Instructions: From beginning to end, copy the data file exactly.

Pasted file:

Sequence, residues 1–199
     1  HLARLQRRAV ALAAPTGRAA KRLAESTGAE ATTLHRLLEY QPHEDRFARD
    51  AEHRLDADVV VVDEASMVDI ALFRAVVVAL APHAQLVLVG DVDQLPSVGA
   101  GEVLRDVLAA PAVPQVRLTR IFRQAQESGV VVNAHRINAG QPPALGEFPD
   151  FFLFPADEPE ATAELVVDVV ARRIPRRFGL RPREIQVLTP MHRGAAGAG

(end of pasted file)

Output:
Sequence, residues 1–199
     1  HLARLQRRAV ALAAPTGRAA KRLAESTGAE ATTLHRLLEY QPHEDRFARD
    51  AEHRLDADVV VVDEASMVDI ALFRAVVVAL APHAQLVLVG DVDQLPSVGA
   101  GEVLRDVLAA PAVPQVRLTR IFRQAQESGV VVNAHRINAG QPPALGEFPD
   151  FFLFPADEPE ATAELVVDVV ARRIPRRFGL RPREIQVLTP MHRGAAGAG